Wide receiver Kyle Prater, a one-time elite recruit who has battled myriad injuries during stints at both USC and Northwestern, is finally helping and contributing. Sophomore Mike McHugh provides another presence outside, and Jayme Taylor complements Vitale at the superback (tight end/fullback) spot.
An offense that struggled to find playmakers in 2013 now might have a surplus.
"We're going to attack you with waves of people," coach Pat Fitzgerald told ESPN.com. "And we've proven over time that when we have that in place, I don't know how you stop us."
The Wildcats couldn't produce second and third waves of passing weapons in 2013. It might not have mattered with the way their offensive line was pushed around, but Christian Jones logged too many snaps without a break. So did Vitale.
The depth issues especially hurt with an up-tempo offense, Fitzgerald noted, because you want to rotate personnel more often. When Northwestern had to pass more after injuries to both Mark and Colter, it couldn't deliver.
"When guys got dinged, and that's going to happen, we didn't have the depth we needed," offensive coordinator Mick McCall said. "Now we can run the same personnel, but wave two is coming at you. We're still going to have our starters and they're going to get to play, but it's nice to bring some of those other guys along.
"Right now, the ball's getting spread around a lot more."
Northwestern's deepest position actually might be running back, especially when Mark and Stephen Buckley return to action this fall. Treyvon Green, the team's leading rusher in 2013, and Warren Long took most of the carries this spring. Several heralded freshmen arrive in the summer.
But it's becoming fairly apparent that Northwestern's offense will have more of a passing lean this fall. Quarterback Trevor Siemian, who left no doubt about his starter status this spring, boasts a strong arm and much less mobility than Colter. The offense could look a lot more like the units in 2007 and 2009, which ranked in the top 15 nationally in passing.
"We still have the option, but our next option off of a run play is maybe to throw something," McCall said. "That's the way it's always been in this system. When we had an option quarterback, you could pitch it off of that. Now they load the box and we pull the ball and we're going to throw it."
McCall is quick to note that during his tenure, Northwestern has yet to make it through the season without an injury to a quarterback or a running back.
Translation: the Wildcats will need all of their options.
"We have a lot of talent across the board," Shuler said. "Speed, size, quickness. We have a lot of depth, so I'm really excited."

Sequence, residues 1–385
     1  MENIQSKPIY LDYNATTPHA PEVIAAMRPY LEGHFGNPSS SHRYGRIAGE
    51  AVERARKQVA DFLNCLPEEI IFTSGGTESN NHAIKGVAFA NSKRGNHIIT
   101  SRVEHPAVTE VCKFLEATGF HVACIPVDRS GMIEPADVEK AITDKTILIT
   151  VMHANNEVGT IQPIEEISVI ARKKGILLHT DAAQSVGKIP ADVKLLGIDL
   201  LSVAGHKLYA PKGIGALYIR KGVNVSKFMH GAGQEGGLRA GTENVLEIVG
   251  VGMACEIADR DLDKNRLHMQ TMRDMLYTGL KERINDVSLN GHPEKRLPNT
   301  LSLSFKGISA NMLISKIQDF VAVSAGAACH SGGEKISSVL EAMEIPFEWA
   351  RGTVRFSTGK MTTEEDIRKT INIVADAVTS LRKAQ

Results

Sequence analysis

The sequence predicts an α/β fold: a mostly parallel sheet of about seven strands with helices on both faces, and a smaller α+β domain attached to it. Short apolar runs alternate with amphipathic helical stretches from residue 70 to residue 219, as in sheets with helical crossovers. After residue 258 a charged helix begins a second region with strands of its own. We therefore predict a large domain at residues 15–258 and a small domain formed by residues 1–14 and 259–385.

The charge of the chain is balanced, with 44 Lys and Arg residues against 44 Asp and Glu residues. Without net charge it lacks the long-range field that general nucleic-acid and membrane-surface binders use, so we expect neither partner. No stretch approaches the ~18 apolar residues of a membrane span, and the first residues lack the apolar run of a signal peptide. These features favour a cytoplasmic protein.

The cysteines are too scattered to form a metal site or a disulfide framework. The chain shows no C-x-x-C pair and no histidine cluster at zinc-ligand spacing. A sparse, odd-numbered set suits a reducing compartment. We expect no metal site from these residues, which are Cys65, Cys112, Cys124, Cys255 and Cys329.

When: 11 a.m. ET
Where: Ryan Field
Admission: Free. Stadium gates will open at 10 a.m. ET
TV: Big Ten Network (live)
Weather forecast: Partly sunny, with a high near 68. Wind 10 to 15 mph.
What to watch for: Just like last year, the Wildcats won’t hold an actual spring game. Instead, their 15th session of the spring will be just like a regular practice, except that fans will be invited to attend.
And, no, they didn’t scrap the spring game because of union demands. Pat Fitzgerald’s team is simply too banged up to field two squads and go at it in any kind of live scrimmage. Northwestern opened spring drills with 11 players sidelined because of injuries, including potential starting defensive linemen Sean McEvilly, Deonte Gibson and Ifeadi Odenigbo, cornerback Daniel Jones and star running back Venric Mark.
Because of the injuries, Fitzgerald hasn’t really been able to have scrimmages all spring and says he’ll have to hold some during two-a-days in August to get his players up to speed.
There will still be some story lines to watch Saturday, and in fact, you may learn more from a regular practice effort than you would from most vanilla, fan-friendly spring exhibitions. Fitzgerald has said this is quarterback Trevor Siemian’s team, which means the offense should be fairly reliant on the passing game and not so much the option. At receiver, transfer Miles Shuler has earned praise, and the oft-injured Kyle Prater has had a nice spring, Fitzgerald said this week. It's just about now or never for Prater.
Collin Ellis has moved to middle linebacker, and there's a pretty good competition for his old spot on the outside, with Jimmy Hall and Drew Smith battling it out.
Mostly, though, the Wildcats and their fans are happy to see a day that should be all about football after their spring was dominated by union talk. The vote still looms, but at least on Saturday, the team can just practice, even if it's not a traditional spring game.
The Wildcats announced Monday that three projected starters will miss the spring session with injuries: cornerback Nick VanHoose, middle linebacker Damien Proby and offensive tackle Jack Konopka. Several other players who filled reserve roles in 2012 but could claim starting jobs in 2013 also are out, including offensive tackle Paul Jorgensen, wide receiver Kyle Prater, defensive tackle Will Hampton, defensive end Deonte Gibson and guard Matt Frazier.
All 13 players out for the spring are expected back for fall camp and the season. Most are recovering from postseason surgeries.
VanHoose missed three games late last season with a shoulder injury, so his absence for spring isn't a major surprise. Prater also didn't look 100 percent healthy in 2012. Konopka started at right tackle in 2012 and could be moved to the left side to replace the graduating Patrick Ward.